Learn from the experiences of other expats and make new friends in our disccussion forums and Facebook groups
The Expat Focus Guide to Moving Abroad contains everything you need to know when planning an international relocation available now, completely free
Insurance, FX and international movers
The Expat Focus podcast features interviews with expats living abroad and service providers meeting their needs subscribe today!
From our tax, investment and FX partners
Expat Focus Partners

Become a Partner. Click Here.

Israel - Finding Employment

It is not really possible to find a job in Israel before actually moving to the country unless you are transferred there by the firm that you currently work for. Even industries like the medical profession will require you to take conversion exams so this is something that you will need to do before applying for a license to practice in the country.

It is much easier to move to Israel and begin searching for work then. Residents of most European countries are able to visit Israel for up to 90 days without needing a visa. Once a job has been secured a work permit must be applied for. If there is a firm offer of employment and there is a valid reason why the position cannot be given to an Israeli worker, then obtaining the work permit should be relatively straightforward.

There are some industries – like the medical profession – which require skilled staff. Teaching is also a popular profession with foreign workers as there is a need for qualified professionals, particularly language teachers. There is also regular recruiting taking place for professionals in the construction industry.

Around 12% of the workforce in Israel is from abroad. There is a general federation of labour in Israel which is open to all workers although membership is not compulsory. Members pay a fee of between 3 and 6% of salaries and this covers health insurance, social service and trade union activities. They are active in union organizations, social services, educational services and business development.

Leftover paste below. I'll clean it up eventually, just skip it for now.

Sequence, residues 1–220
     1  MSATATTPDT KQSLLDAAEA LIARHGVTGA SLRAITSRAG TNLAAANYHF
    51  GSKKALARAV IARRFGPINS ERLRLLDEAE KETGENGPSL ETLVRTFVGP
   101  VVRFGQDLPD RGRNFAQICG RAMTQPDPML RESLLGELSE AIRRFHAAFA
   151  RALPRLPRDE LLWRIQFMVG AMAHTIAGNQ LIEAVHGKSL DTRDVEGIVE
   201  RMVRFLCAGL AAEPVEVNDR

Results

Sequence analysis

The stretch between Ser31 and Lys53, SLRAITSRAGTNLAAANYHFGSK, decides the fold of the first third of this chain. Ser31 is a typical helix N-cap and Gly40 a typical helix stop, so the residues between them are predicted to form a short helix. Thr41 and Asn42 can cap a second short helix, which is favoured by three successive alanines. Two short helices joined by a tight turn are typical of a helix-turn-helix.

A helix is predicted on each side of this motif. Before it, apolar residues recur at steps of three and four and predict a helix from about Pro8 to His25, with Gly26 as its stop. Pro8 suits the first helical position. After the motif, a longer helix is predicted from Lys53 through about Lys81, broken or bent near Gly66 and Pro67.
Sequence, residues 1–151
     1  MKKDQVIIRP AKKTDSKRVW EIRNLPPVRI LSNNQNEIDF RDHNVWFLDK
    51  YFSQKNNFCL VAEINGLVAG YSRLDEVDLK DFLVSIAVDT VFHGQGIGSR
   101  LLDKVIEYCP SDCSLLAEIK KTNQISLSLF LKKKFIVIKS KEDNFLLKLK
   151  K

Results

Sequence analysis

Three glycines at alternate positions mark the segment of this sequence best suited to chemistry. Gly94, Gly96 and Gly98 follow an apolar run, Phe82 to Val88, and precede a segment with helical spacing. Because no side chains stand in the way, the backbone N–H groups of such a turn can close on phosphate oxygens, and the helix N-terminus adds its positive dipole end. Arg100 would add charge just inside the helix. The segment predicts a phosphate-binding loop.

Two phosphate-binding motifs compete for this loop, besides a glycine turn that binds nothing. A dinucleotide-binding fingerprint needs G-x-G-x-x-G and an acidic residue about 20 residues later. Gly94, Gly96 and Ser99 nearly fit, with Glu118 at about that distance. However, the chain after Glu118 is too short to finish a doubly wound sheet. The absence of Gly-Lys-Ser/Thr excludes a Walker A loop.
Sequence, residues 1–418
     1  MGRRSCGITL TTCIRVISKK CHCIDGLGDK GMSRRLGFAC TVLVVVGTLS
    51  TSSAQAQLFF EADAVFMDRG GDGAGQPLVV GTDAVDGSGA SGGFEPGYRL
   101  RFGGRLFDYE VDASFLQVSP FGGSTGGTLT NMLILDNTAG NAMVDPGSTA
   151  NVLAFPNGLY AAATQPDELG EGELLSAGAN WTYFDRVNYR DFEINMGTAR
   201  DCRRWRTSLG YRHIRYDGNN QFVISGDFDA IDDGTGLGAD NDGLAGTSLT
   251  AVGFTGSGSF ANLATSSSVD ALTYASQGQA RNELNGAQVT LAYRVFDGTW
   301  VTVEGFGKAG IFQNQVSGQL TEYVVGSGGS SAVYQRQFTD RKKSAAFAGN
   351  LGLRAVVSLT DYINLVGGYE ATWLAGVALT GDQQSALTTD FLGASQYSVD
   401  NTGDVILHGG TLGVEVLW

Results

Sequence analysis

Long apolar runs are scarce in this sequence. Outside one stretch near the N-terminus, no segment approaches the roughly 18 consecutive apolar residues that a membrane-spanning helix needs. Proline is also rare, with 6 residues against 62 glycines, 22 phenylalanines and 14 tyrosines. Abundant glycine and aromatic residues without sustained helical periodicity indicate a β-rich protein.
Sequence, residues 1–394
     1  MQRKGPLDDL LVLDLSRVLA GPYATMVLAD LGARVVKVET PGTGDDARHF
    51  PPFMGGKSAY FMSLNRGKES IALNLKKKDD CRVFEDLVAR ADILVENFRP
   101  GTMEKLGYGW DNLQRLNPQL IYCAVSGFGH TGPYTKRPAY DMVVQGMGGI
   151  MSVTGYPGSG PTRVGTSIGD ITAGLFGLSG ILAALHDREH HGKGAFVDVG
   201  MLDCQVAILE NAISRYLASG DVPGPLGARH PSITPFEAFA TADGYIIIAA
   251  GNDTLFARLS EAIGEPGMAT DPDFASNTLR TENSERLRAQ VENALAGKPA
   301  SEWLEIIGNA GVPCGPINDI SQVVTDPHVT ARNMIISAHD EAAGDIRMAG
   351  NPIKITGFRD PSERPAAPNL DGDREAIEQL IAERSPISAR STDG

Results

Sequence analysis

There is a minimum monthly wage and workers can claim benefits from the social security system if they have been making contributions. The minimum wage works out at 47.5% of the average wage and there is an excellent healthcare system in place which is available to all workers. Working conditions are generally very good although it has been noted that enforcement of employment law is a little lax when it comes to foreign workers.

The national languages of Israel are Hebrew and Arabic, with English as the most commonly used foreign language. It is important that workers are able to converse in at least one of these, particularly in professions such as nursing where there is a lot of contact with the public.

Your contract of employment will give you all the details you need on your working conditions, pay, holiday entitlement and any other benefits that may be applicable. It is essential to read it carefully to ensure you are aware of your conditions of employment.

Read more about this country

Expat Health Insurance Partners


Cigna has worked in international health insurance for more than 30 years. Today, Cigna has over 71 million customer relationships around the world. Looking after them is an international workforce of 31,000 people, plus a network of over 1 million hospitals, physicians, clinics and health and wellness specialists worldwide, meaning you have easy access to treatment.

Copyright © 2019 Expat Focus. All Rights Reserved. Use of this website signifies your agreement to the Terms of Use/Privacy Policy. Comments are property of their posters.
Interactive software released under GNU GPL, Code Credits, Privacy Policy